The Weekly Register commenced with the declaration that 'having undergone a political martyrdom, and having had our fabled deeds recorded in apocryphal Chronicles, we rise again like the phoenix'. The newspaper committed itself to 'contribute of such good sense, moderate acquirements, and honesty of purpose as God has imparted to us, to support the rights, and advance the position and interests of the people of our adopted country'.
The Weekly Register covered colonial news under the heading 'Domestic Intelligence' and included extensive reporting on the debates of the Legislative Council and the local Sydney City Council. English news featured accounts of resolutions in the British Parliament. General news was drawn from Sydney and its surrounding districts as well as from Port Phillip and Van Diemen's Land.
The Weekly Register initially included a 'Ladies' Register' but this section was later dropped. The 'Literary Register' section remained a permanent feature of the newspaper and regularly included the work of colonial poets, particularly Henry Halloran, Charles Harpur and Henry Parkes (qq.v.). The 'Literary Register' also carried articles on contemporary British poets and ran a series on 'Notable Men' from a range of historical periods and countries. A collection of biographical essays titled 'Heads of Australian People' featured eminent citizens of the colony and included an illustration of each 'head'.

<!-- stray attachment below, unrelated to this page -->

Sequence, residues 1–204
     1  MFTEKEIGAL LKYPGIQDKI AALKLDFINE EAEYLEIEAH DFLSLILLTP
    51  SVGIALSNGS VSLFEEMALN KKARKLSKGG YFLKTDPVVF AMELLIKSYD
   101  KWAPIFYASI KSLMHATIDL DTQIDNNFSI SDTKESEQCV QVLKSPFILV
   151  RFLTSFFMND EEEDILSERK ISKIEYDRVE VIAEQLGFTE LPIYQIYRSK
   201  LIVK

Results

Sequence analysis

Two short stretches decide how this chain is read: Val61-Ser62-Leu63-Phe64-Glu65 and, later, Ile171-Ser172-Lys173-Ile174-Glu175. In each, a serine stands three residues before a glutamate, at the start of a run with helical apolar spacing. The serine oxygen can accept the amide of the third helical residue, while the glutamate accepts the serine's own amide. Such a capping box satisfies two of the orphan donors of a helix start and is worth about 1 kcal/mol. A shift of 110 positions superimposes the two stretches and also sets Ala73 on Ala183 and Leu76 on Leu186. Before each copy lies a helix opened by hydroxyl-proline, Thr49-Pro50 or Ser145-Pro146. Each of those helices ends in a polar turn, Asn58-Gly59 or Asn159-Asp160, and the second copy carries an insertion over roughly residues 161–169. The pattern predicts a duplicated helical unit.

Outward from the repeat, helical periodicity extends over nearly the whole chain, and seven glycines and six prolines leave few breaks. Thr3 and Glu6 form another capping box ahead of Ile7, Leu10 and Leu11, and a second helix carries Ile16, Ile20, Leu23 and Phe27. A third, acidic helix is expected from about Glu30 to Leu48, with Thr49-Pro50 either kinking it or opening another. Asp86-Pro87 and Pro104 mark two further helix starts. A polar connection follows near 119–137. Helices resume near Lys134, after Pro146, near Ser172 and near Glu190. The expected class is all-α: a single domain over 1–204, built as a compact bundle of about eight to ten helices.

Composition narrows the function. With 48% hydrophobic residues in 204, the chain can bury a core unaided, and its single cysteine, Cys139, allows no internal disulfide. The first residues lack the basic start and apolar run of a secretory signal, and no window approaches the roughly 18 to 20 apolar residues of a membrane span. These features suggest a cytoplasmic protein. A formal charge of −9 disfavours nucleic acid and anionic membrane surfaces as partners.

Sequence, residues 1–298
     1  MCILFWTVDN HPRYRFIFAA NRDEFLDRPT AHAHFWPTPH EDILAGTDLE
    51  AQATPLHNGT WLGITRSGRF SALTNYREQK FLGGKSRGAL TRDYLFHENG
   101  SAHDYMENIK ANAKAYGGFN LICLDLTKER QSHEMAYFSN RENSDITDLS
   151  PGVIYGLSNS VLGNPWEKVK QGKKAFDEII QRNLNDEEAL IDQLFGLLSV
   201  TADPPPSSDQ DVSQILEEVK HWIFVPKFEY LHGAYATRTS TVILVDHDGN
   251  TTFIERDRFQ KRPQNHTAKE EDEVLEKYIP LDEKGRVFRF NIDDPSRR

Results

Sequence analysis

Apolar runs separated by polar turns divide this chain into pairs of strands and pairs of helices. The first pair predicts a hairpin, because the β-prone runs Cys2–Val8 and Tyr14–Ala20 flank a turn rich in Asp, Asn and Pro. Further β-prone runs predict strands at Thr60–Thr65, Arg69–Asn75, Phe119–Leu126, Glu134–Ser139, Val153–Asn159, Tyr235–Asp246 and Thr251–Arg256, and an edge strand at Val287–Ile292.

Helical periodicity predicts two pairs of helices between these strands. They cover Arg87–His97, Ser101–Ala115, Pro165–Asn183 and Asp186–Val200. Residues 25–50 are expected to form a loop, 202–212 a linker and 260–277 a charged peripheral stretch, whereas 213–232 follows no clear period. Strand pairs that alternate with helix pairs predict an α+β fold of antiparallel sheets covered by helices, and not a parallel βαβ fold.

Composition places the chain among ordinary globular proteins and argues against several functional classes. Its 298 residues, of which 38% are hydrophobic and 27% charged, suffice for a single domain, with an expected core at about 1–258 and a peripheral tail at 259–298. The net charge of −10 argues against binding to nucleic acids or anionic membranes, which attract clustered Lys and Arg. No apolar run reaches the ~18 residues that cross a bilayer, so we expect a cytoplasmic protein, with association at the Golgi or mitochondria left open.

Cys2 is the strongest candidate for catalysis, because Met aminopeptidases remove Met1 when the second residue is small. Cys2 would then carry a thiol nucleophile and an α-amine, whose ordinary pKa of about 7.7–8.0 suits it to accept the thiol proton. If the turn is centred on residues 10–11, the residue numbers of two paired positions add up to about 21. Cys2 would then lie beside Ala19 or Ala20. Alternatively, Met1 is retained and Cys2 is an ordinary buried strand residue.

The Register's theatre reviews covered performances at the Victoria and the City Theatre and space was often given to new musical performances. The compositions of Isaac Nathan (q.v.) were highlighted in the newspaper's pages. As with other colonial papers of the 1840s, the Weekly Register covered shipping intelligence, births and deaths, and commercial advertising (particularly for land sales). The Register gave considerable space to instructional essays on agricultural cultivation and it also included lists of books for sale at Duncan's Repository of English and European Literature.
The Weekly Register's editorial stance was strongly opposed to the views expressed in the Atlas (edited for a time by Robert Lowe (q.v.)). The Register's editor, William Duncan (q.v.), was a supporter of the colonial governor, Sir George Gipps, and Gipps's policies. Duncan used the Register's pages to raise several political debates with the Atlas and its editorial opinions.